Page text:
This name has been given to the seeds of Slrychnos Nux vomica, a middling-sized tree, growing in various parts of the East Indies. The bark is intensely bitter, containing the same alkaloids which characterize the seeds, and is thought to be identical with a product which at one time attracted considerable attention, under the name of False Angustura bark. The seeds are embedded in the juicy pulp of the fruit, which is a round berry, about the size of an orange, and covered with a smooth, yellowish, or orange-coloured rind.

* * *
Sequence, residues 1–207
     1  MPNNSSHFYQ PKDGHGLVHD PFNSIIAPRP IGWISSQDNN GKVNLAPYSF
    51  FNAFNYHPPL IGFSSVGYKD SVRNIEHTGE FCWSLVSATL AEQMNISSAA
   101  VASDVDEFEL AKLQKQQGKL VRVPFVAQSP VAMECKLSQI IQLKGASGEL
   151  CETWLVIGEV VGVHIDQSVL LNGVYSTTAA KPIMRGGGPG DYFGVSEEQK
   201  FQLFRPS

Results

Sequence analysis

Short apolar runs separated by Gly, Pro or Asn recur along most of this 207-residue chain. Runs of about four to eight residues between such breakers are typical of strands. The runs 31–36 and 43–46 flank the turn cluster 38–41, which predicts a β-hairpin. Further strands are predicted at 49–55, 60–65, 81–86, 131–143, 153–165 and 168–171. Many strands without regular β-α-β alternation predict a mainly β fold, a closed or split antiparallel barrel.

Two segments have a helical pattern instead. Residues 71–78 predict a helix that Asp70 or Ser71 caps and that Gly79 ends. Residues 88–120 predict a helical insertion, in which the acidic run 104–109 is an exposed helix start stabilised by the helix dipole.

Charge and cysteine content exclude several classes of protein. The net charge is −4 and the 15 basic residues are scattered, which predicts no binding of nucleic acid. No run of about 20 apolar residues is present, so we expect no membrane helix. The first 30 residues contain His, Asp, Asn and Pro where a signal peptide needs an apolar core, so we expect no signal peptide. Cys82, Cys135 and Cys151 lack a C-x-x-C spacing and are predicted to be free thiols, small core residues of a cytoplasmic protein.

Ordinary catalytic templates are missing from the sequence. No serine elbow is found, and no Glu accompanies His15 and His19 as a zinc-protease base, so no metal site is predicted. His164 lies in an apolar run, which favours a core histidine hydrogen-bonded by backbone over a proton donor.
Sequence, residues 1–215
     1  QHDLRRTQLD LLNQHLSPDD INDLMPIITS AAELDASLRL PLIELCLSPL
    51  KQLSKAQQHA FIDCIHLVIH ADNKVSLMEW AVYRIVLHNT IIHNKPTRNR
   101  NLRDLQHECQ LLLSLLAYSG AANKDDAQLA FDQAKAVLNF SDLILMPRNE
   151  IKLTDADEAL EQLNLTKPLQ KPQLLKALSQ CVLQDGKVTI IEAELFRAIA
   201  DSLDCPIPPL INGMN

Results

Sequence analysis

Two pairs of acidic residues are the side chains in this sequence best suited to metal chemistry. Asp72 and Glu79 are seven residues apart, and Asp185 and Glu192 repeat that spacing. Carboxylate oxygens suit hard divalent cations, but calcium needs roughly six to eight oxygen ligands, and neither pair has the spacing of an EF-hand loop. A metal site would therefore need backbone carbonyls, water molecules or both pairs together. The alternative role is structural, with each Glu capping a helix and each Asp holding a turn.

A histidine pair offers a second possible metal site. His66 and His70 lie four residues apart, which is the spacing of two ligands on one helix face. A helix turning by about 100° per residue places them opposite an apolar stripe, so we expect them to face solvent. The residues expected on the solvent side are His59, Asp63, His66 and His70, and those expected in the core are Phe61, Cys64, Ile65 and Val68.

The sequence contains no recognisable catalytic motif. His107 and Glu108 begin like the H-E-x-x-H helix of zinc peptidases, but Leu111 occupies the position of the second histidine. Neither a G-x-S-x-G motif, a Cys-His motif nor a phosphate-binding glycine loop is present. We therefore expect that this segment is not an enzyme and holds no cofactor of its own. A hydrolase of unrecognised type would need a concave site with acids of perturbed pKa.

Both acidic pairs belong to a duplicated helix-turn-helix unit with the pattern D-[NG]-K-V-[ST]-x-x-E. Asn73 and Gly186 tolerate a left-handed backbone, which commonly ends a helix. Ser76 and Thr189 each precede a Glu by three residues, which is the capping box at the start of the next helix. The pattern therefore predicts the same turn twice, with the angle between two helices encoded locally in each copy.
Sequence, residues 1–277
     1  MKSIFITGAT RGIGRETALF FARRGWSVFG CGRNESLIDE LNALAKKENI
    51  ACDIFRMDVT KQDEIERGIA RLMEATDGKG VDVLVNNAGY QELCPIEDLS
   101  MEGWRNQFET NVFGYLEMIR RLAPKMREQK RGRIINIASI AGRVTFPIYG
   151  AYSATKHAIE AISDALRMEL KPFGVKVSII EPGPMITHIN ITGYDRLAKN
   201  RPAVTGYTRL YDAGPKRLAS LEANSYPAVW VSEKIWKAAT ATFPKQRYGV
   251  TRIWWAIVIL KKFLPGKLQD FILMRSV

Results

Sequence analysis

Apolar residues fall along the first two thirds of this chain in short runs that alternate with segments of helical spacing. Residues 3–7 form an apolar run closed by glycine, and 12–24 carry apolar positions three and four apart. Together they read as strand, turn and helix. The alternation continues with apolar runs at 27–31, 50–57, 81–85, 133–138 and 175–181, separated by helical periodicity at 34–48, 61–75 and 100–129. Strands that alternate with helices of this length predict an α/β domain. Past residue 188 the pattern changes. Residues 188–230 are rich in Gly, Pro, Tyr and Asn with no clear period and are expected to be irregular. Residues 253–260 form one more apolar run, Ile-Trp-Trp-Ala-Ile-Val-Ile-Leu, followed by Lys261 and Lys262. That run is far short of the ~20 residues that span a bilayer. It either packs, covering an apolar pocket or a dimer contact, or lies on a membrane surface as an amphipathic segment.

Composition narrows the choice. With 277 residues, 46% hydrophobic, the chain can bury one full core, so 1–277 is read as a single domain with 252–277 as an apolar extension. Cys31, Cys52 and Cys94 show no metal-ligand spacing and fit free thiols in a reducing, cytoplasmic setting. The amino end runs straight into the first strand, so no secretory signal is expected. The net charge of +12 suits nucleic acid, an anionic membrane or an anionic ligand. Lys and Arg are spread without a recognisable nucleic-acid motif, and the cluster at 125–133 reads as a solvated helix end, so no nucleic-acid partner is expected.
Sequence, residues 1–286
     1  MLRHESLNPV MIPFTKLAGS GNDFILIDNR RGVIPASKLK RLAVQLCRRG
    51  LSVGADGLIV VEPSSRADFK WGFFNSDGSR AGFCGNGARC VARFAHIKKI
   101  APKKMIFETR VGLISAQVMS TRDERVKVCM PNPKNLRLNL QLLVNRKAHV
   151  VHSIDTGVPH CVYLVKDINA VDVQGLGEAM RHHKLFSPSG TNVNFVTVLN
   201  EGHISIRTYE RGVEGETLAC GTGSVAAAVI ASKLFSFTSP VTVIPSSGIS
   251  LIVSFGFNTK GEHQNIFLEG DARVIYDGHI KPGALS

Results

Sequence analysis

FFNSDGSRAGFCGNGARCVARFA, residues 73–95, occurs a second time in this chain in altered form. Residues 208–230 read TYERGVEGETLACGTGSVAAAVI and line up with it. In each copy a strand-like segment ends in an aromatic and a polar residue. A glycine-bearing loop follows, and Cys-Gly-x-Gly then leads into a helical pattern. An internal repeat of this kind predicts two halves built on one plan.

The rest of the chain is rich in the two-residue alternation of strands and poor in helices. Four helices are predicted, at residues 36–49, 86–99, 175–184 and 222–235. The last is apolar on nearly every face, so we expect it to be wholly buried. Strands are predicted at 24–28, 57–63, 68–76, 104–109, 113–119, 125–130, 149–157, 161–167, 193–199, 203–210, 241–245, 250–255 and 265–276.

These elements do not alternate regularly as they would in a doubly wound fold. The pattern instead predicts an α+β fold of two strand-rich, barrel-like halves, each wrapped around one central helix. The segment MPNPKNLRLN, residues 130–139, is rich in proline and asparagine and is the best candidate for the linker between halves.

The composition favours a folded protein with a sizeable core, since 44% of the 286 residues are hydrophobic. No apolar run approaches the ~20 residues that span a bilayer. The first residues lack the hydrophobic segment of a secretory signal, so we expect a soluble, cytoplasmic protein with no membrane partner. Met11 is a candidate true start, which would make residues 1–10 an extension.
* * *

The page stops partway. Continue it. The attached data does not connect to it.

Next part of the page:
The seeds are circular, about three-quarters of an inch in diameter and two lines thick, somewhat concave on one side and convex on the other, externally presenting a thin coat closely invested with very short, silky, ash-coloured hairs, internally whitish, translucent, very hard and tough, and difficult to pulverize. They are inodorous and intensely bitter, and yield their bitterness and medical virtues to water, but more readily to diluted alcohol.